Contextualising How to Use your Reading in your Essays within further and higher educationWriting is at the heart of learning. It is a central part of the process by which students make connections, generate ideas, consolidate thought and knowledge, and reflect. This fact alone is reason enough to give writing as much emphasis as possible on a course. Moreover, tutors and lecturers are expected not only to facilitate student knowledge of the subject but also to help students develop their transferable skills, one of which is competence in written communication. We are asked to make these skills visible to our students so that they can recognise and practice them explicitly, and of course being able to communicate well in the written form is not only an essential skill in its own right, but is also a vehicle by which students can reflect on and develop their other competencies. We should also remember that at the level of higher education, the processes and skills needed to produce written work and the criteria by which it is judged, are still sometimes hidden and implicit1 and that therefore the de-mystification of the writing process can be of great benefit to students. Finally, on a socio-political level, the globalisation and widening participation aspirations of tertiary education, and the consequent increase in the diversity of students' study and language backgrounds, mean that finding some space in a programme for writing development is of value to many students. For all of the reasons outlined above, we should be giving writing space and visibility as an explicit and integrated part of our course. Importantly, by giving the 'writing to learn' process priority, we are simultaneously helping our students learn to write.2
Writing for academic study requires processes, skills and styles that are different from other types of writing and which present the student with several challenges. The students may for the first time be writing not about their own views on tangible experiences, but about other people's views on often abstract concepts. The hub around which most undergraduate academic work revolves is the critical reinterpretation and reformulation of ideas and information. It is easy for tutors to underestimate or forget the enormity and difficulty for students of understanding their reading in their own way, expressing their understanding in their writing and then using their interpretation in the construction of their own argument. The task is made even more challenging for students by the amount and diversity of information now available via e-technologies, making it difficult for them to select appropriate and relevant material. Moreover, the way we receive and use much of this information increasingly involves downloading and cutting and pasting short 'infobites'. Another consequence of our evolving technologies is that styles of writing commonly used (e.g. emails and mobile phone texting) are now much less structured and formal than they used to be, and so students may again be at a disadvantage when it comes to using the more formal lexis and grammar needed to communicate complex ideas, knowledge and arguments clearly and precisely. Students are thus often novices at reading complex texts and of using their note-taking and extended writing to reflect and reinterpret what they have read. These factors may result in a lack of knowledge of referencing skills and of good scholarship, and an inadequate formal grammar and vocabulary. This can cause students to stray accidentally into plagiarism via either inadequate referencing and/or copying of vocabulary or phrasing from the source text. I have interviewed many of these students and they are often as unhappy with what they have done as I am. This has not made me overly lenient on plagiarism; intellectual integrity in all forms of communication is paramount and an institution clearly needs to safeguard the quality and reputation of its awards. I am passionate, however, about the need for adequate resources and student materials that engender formative learning and that focus in a positive way on the acquisition and development of the most complex and essential element of graduateness; how to use what you read in your writing.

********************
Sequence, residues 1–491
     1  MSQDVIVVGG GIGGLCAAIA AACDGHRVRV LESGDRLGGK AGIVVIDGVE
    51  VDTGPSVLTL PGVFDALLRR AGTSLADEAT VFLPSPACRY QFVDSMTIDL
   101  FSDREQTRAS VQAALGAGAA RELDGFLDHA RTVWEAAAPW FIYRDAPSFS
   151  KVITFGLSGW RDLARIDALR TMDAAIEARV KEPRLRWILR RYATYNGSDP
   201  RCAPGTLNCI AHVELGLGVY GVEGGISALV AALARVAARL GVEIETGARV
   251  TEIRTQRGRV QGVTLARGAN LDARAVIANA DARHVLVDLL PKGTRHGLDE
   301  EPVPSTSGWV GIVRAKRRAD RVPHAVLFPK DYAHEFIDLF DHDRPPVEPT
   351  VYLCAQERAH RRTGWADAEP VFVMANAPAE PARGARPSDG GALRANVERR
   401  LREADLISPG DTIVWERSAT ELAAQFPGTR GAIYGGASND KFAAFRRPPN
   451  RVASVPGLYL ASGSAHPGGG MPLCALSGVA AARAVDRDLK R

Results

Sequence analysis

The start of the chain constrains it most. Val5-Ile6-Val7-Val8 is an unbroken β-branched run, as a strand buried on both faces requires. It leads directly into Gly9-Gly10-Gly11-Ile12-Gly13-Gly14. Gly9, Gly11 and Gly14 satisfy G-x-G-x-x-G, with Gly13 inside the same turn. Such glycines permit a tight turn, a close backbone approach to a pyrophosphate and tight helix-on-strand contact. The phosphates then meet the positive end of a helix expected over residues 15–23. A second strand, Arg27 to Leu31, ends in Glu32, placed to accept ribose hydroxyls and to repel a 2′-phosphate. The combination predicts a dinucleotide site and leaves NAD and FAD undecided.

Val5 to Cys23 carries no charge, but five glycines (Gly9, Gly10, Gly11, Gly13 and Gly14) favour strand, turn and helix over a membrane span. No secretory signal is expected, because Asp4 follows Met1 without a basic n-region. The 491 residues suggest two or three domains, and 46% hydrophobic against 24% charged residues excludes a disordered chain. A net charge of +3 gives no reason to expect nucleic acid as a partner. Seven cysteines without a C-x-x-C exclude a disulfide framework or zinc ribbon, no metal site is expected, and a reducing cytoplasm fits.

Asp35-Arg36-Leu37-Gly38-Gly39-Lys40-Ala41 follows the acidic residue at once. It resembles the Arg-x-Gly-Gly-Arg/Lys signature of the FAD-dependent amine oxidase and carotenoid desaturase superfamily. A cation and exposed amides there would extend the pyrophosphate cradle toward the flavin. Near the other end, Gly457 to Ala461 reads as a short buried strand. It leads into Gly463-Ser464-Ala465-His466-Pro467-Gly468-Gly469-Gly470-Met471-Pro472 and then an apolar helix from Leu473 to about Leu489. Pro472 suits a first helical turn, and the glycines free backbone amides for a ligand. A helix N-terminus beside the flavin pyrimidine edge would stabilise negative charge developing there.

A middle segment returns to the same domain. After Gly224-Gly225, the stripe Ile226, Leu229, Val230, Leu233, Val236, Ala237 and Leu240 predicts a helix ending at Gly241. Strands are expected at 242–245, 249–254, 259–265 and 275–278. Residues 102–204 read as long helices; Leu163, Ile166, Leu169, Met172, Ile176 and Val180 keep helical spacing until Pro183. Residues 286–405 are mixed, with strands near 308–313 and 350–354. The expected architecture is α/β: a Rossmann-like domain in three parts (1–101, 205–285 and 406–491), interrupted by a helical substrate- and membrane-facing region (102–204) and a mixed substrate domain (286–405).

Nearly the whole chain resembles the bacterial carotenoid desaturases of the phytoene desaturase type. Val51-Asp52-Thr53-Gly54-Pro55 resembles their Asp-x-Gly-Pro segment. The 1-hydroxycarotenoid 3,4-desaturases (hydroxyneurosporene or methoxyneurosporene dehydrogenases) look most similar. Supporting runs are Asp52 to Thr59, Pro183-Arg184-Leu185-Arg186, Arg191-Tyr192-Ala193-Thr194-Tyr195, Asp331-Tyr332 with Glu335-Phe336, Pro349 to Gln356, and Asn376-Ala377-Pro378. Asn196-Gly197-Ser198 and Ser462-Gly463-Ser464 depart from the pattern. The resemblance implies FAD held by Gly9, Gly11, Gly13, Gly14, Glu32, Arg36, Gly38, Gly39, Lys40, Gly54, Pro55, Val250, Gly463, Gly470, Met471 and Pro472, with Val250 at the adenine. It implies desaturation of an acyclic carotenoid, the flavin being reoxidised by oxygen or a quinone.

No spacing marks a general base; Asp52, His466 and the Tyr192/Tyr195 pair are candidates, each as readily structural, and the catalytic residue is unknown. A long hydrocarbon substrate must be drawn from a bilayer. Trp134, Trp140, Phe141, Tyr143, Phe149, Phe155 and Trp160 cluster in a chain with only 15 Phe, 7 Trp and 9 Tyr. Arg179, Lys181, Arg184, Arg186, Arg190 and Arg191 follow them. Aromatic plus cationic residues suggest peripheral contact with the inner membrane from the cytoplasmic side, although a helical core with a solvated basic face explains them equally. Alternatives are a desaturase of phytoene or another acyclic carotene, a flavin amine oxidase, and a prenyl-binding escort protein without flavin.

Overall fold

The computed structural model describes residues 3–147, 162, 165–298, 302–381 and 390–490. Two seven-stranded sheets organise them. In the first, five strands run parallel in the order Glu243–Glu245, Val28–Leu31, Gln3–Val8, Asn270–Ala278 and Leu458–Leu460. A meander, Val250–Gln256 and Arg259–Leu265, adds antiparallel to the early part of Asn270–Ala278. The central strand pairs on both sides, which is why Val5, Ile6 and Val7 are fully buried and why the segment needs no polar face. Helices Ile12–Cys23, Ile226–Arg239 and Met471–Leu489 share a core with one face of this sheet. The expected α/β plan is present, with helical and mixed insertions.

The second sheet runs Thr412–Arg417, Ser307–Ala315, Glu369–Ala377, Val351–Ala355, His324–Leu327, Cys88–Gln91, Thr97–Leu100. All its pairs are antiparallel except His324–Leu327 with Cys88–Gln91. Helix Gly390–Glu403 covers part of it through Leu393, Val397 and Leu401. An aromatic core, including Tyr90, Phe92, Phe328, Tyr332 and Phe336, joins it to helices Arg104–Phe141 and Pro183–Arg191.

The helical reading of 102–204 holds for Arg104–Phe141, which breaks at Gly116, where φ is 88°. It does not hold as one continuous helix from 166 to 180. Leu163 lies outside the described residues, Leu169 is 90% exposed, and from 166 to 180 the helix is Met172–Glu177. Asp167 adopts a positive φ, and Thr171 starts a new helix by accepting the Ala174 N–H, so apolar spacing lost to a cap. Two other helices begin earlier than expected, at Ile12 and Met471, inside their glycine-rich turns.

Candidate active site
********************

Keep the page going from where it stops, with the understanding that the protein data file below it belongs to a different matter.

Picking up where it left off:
© Jeanne Godfrey, 2009, 2013, How to Use Your Reading in Your Essays, Palgrave Macmillan.
- ^ Lillis, T. (1999) Whose 'Common Sense'? Essayist literacy and the institutional practice of mystery.
- ^ Olson, C.B. (1992) Thinking/writing: fostering critical thinking through writing. See also Mitchell, S. and Evison, A. (2005) Thinking Writing: News from the Writing in the Disciplines Initiative. Spring 2005 p1. Queen Mary University London.